Years before that french fry landed on your plate, the plant that would eventually give rise to the spud your fry was cut from was sealed away deep in a secureaccess building, growing slowly in a test tube inside a locked growth chamber.
At least, that’s the case if it was the product of the Wisconsin Seed Potato Certification Program (WSPCP), a 104-year-old CALS program dedicated to supplying Wisconsin seed potato farmers with quality, disease-free tubers.
All that security helps keep these important plants clean, and clean is a big deal for potatoes. Because they are grown from the eyes of tubers, or seed potatoes, rather than from true seeds, potatoes can easily carry bacterial and viral diseases in their starchy flesh from generation to generation. The solution is exacting cleanliness and rigorous testing at every stage of potato propagation.
WSPCP supplies 70 percent of the seed potatoes for Wisconsin’s 9,000 acres of farmland dedicated to propagating seed potatoes. The program certifies 200 million pounds of seed potatoes every year, enough to plant roughly 90,000 acres for commercial growing. Those spuds are then sold to commercial potato growers in Wisconsin, in other states, and around the world to be turned into farm-fresh potatoes, chips, and fries.
Each one of those potatoes’ progenitors once passed through the hands of two plant pathology researchers at UW–Madison, Andy Witherell and Brooke Babler BS’06 MS’10. In about three months, they can turn a handful of small potato plants growing in test tubes into hundreds. Multiply that by dozens of different varieties of potatoes — Caribou Russet, Magic Molly, German Butterball — and together Witherell and Babler produce tens of thousands of potato plantlets every year.
The two scientists work out of the Biotron, a facility on the UW–Madison campus designed to replicate any climate needed for research. The building’s secure access and clean protocols help them scrub the potato plants of any diseases and propagate them in sterile environments until they’re ready to plant in soil.
“This is a good place to grow plants because we’ve got a system that’s really clean,” Witherell says. “The Biotron air is filtered, and we have a clean room to work with.”
The researchers start by sterilizing an eye of a tuber and then inducing it to grow in a sterile container full of a jelly-like growth medium containing bacteria- and virus-inhibiting chemicals. As the spud sprouts into a small plant, they ramp up the heat to try to kill off any viruses. Then they clip off a portion of the shoot and replant it in a clean test tube of growth medium.
Babler and Witherell can keep their plantlets in stasis in cold storage until the call comes in — 308 plantlets of Dark Red Norland are needed by July. Babler pulls out a box with several plantlets and takes them to the clean room, a space about the size of a parking space. On a sterile work surface, she takes out a scalpel and slices the plants into several pieces before replanting them in a new box. Just a small portion of one plant’s stem will grow an entirely new plant under the right conditions.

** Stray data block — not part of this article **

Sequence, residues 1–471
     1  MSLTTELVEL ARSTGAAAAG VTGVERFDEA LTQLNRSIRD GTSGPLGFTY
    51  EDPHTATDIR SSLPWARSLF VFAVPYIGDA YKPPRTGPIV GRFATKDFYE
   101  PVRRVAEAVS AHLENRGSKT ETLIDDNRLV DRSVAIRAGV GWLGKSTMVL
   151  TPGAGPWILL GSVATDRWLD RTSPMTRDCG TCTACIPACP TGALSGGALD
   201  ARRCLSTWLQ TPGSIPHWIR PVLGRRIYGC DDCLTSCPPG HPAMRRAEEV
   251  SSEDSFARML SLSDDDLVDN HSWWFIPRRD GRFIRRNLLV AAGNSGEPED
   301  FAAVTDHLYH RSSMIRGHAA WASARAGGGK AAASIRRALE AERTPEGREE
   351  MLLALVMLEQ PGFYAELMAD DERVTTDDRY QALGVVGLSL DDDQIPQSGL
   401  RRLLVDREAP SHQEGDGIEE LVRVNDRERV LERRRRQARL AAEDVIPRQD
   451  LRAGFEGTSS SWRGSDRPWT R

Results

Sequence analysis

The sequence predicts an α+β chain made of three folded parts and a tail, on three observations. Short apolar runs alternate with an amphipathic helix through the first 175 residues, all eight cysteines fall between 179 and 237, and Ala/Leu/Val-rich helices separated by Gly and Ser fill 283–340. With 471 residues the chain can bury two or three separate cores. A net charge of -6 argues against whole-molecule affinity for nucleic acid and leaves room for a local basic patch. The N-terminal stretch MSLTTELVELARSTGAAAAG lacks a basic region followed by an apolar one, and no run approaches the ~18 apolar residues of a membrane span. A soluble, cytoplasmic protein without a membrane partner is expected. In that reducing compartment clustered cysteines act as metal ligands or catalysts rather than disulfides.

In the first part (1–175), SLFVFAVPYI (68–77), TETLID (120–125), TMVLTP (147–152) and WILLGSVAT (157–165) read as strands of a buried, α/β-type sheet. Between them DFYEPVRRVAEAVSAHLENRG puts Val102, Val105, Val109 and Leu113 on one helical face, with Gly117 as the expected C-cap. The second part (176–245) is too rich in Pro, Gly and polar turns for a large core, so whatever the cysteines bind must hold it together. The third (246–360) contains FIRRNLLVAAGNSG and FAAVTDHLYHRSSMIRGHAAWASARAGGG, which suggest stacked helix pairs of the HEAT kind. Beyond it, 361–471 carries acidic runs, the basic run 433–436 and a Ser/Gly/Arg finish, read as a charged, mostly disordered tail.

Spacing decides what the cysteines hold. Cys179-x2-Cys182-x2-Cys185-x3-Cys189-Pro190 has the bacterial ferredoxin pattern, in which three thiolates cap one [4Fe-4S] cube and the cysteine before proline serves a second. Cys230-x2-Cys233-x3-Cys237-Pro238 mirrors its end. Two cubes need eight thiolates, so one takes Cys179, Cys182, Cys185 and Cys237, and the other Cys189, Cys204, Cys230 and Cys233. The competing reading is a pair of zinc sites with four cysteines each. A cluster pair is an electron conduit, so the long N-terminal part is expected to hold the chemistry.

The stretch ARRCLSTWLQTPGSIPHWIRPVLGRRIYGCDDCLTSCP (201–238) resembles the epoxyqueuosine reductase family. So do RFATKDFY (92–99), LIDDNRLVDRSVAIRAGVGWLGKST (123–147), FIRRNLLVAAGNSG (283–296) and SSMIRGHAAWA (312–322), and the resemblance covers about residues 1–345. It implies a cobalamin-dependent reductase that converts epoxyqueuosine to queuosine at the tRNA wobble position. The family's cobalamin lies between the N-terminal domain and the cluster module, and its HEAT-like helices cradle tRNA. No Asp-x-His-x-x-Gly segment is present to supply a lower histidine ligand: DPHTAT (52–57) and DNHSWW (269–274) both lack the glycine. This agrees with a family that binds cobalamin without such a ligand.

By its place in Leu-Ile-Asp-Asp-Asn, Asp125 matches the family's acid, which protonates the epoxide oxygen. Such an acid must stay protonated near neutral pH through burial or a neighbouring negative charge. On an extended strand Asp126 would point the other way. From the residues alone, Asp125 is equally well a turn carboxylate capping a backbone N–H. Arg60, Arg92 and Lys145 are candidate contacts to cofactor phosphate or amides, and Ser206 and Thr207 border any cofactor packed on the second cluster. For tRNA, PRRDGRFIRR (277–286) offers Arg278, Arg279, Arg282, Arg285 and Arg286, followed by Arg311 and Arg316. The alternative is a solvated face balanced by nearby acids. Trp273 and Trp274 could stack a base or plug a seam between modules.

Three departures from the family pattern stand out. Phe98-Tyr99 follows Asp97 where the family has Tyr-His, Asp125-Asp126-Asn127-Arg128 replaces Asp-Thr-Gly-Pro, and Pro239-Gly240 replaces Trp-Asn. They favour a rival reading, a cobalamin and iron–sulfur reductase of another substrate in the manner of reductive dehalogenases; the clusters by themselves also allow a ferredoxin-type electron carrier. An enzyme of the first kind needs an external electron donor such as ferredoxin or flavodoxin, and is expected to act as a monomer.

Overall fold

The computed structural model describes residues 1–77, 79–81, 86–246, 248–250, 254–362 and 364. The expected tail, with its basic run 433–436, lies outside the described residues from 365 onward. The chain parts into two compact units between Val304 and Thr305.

In this way, eight potato plants become 30. Four weeks later, those 30 become 80; then 80 become 310. They are all genetically identical clones of one another, and they are all still clean.
Thousands of plantlets of different varieties are shipped to the program’s farm in Rhinelander, Wisconsin, where they are grown hydroponically or in pots to begin producing tubers. Over several generations, one plant gives rise to many spuds, which in turn are replanted to make even more potatoes. In a few growing seasons, what once was handled by Witherell and Babler in the Biotron now weighs hundreds of millions of pounds and requires the work of two dozen independent, certified farms to manage.
Along their journey, the potatoes are screened for diseases that might have crept in. After Babler and Witherell leave the Biotron for the day (they only enter the facility once per day to better avoid bringing in pathogens from outside), they work in Russell Laboratories, where they help run diagnostic tests on potatoes to screen for viral and bacterial infections.
“Part of the certification process is to walk the fields and visually assess plants for the disease,” says Babler, a native of Viroqua, Wisconsin, who earned her UW–Madison degrees in both plant pathology and horticulture. “You can visually assess plants, but sometimes you can’t tell exactly what the disease is. So the inspectors ship the plants back to us, and we do diagnostics throughout the growing season.”
As part of her research, Babler is developing an improved test for a relatively new potato disease, Dickeya. The bacteria can spoil up to a quarter of a farmer’s yield under the right conditions and has recently taken hold in North America. Seed potato programs like the WSPCP are designed to detect and restrict the spread of new diseases like Dickeya, which spread primarily through infected seed potatoes.
Only those potatoes with a healthy pedigree get the WSPCP seal of approval. A portion of the sale of each bag of potatoes that commercial growers buy, certified to be as clean as possible, supports this years-long, labor-intensive process.
It’s a certification well worth the price — ensuring that Wisconsin potato growers continue to succeed, helping keep the state one of the top producers of potatoes in the country.